Beginning at least as early as the Chou Dynasty, around 1100 BC, dragons like this one were the symbols of the Emperors in China. In the Taoist view of the world, dragons were part of the yang. In China, people think of dragons as good, and respect them: they get mad if a picture shows someone killing a dragon.
To make this dragon, tape small balloons or crushed balls of paper together with masking tape to make the rough shape of the dragon. Then cover the whole thing with a thick layer of papier-mache, let it dry, and paint it red. When the red dries, paint on the scales.
The British Museum Book of Chinese Art, by Jessica Rawson and others (1996). Rawson is a curator at the British Museum, and she uses the collection of the British Museum to illustrate this book. Library Journal calls it “easily the best introductory overview of Chinese art to appear in years”.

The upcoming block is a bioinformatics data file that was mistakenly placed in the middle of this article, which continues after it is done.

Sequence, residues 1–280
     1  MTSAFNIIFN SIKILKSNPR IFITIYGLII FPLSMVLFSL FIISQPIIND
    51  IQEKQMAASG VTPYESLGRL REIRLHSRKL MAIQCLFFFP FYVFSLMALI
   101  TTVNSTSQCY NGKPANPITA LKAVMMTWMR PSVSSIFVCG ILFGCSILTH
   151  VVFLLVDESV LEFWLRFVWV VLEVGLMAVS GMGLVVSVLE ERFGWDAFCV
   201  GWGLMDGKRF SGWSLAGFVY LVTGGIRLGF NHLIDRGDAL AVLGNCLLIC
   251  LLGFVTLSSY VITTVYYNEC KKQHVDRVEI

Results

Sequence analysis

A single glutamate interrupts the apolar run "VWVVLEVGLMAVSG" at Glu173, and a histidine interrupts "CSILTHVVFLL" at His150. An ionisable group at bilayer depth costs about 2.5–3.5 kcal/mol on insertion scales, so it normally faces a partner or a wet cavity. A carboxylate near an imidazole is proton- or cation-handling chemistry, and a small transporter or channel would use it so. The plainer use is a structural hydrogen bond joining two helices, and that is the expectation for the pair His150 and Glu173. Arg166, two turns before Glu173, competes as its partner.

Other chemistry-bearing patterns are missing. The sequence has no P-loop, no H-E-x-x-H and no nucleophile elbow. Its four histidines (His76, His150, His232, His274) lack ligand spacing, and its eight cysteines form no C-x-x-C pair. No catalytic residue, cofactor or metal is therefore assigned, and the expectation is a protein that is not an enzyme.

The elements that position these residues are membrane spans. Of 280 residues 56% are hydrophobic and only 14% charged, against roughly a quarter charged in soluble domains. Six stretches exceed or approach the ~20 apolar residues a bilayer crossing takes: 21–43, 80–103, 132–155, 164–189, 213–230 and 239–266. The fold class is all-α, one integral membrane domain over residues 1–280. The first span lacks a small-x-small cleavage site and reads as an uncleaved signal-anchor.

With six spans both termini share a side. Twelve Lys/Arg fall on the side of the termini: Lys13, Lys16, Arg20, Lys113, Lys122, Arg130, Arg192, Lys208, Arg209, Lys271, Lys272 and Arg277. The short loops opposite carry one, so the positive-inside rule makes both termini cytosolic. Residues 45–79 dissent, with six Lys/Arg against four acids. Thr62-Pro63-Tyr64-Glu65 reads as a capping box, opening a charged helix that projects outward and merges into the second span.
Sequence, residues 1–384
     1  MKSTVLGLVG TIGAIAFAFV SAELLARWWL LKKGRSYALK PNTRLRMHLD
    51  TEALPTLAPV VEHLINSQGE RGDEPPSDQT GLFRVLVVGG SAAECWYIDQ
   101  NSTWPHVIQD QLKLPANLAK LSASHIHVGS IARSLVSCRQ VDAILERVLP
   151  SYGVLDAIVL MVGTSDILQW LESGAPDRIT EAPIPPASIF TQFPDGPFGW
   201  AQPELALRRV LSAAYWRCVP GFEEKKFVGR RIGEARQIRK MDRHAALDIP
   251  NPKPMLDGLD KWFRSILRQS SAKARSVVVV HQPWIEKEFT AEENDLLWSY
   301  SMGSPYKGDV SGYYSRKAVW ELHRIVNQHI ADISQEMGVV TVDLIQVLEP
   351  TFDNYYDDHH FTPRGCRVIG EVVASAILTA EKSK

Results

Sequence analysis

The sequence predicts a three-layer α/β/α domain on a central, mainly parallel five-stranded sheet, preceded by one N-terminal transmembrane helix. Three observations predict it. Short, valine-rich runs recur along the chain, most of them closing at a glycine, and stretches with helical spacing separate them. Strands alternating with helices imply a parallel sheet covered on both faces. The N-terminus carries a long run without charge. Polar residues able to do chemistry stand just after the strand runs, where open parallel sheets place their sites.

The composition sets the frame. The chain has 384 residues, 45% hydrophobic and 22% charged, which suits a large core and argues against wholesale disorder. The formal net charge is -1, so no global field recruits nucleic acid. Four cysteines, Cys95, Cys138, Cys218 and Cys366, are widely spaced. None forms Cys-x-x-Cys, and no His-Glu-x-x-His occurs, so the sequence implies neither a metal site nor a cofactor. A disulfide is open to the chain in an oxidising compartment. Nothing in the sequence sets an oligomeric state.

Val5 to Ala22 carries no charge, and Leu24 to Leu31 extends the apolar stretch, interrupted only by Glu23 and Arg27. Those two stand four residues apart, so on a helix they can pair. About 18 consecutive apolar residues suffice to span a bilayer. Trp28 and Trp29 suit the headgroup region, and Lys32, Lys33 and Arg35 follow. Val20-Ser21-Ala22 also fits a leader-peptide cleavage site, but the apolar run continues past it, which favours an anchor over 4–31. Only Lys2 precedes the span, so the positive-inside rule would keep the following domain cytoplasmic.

Art in China (Oxford History of Art Series), by Craig Clunas (1997). Not specifically , but a good introduction to the spirit of Chinese art. Warning: this one is not arranged in chronological order. Instead, it has chapters on sculpture, calligraphy, and so on.